3) California: Gov. Brown vetoes bill restricting the outsourcing of court jobs to private contractors.Writing this week in the Huffington Post, In the Public Interest executive director Donald Cohen said that lobbying was intense. “As in most debates over outsourcing of public services, opponents’ central claim is that privatizing essential courtroom services such as court reporting, processing cases, probate investigations, and interpretive services, saves dollars. Yet the track record on privatization of public services and assets is decidedly mixed. Public agencies that hire private companies without strong mechanisms of accountability, transparency, rigorous evaluations of contracting costs and standards have learned the hard way.”

4) Oklahoma: State Rep. Mike Brown, D-Tahlequah, says privatization of the state’s pension plan would destroy it. “‘To say the sky is falling without privatization [and we don’t have the funds for retirement] is ridiculous,’ said Brown. ‘If we leave the current system alone and allow it to travel the path it’s already on, in 22 years it will be paid out, and that’s the worst-case scenario. To scare everyone [into thinking the funds are dwindling immediately] is ludicrous.’ Brown said during the upcoming session, Oklahomans will see a heavy push by legislators to privatize the system, resulting in much higher fees to be paid by employees.”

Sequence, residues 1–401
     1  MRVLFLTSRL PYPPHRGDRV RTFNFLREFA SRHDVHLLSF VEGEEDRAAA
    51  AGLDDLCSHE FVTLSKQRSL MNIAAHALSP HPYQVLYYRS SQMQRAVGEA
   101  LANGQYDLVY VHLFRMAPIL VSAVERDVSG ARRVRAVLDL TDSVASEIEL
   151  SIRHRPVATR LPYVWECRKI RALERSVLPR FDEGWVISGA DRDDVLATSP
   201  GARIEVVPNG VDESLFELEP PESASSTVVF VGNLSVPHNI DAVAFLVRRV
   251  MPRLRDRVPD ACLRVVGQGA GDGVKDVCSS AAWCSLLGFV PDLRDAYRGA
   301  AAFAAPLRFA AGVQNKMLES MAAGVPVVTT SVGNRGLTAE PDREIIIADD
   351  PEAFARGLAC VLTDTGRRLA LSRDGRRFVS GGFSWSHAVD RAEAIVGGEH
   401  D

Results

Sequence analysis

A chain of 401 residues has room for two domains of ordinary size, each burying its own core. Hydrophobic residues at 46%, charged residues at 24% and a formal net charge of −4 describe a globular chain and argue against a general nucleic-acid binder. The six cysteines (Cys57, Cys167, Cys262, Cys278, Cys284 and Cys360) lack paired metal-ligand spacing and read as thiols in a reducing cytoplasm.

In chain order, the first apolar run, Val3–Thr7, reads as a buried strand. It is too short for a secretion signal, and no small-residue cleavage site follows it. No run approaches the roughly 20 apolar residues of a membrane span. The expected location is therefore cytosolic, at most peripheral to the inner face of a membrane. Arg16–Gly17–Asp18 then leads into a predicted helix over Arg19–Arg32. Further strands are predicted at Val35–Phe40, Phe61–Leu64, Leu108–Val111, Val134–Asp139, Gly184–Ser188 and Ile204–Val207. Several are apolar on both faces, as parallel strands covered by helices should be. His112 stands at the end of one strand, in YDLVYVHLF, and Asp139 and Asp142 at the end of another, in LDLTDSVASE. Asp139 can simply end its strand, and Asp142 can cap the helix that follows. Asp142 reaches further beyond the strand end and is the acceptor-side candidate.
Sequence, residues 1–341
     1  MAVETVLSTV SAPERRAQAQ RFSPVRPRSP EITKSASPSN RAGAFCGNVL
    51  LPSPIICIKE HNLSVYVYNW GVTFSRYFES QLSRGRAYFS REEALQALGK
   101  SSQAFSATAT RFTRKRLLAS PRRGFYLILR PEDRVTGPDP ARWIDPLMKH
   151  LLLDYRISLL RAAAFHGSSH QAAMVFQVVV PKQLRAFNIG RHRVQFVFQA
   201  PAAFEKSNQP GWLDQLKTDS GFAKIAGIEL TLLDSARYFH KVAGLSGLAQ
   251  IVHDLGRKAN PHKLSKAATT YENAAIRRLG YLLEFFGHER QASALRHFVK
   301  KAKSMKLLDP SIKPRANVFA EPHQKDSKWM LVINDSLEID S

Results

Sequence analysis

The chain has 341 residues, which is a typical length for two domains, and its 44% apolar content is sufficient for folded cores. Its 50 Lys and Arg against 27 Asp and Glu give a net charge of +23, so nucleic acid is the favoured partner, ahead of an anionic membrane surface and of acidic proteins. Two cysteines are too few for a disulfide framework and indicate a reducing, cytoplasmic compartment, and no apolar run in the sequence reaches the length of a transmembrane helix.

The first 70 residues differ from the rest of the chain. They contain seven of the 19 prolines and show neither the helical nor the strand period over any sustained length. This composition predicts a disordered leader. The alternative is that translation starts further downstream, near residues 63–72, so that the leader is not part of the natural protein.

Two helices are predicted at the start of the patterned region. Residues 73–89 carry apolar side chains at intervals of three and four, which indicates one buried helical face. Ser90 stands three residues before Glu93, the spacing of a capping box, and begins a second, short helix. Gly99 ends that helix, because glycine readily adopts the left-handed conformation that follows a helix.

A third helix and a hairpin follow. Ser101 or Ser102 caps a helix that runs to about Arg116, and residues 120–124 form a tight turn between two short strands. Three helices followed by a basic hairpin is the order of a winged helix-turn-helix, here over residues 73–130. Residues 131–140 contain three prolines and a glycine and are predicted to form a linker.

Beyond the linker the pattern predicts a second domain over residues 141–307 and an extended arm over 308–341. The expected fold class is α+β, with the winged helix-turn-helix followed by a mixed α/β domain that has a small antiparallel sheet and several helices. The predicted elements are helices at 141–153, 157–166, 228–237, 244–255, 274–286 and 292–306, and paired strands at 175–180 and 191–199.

5) Virginia: Legislation to permit state subsidies for “public private partnerships” is in the pipeline for 2014. The legislation “would enable Virginia to devise new funding structures for infrastructure projects and tap new sources of private investment capital not now available in the United States. The use of so-called ‘availability payments’ would apply to situations in which the state has insufficient cash to build a project right now but the economic benefits are tangible and immediate.”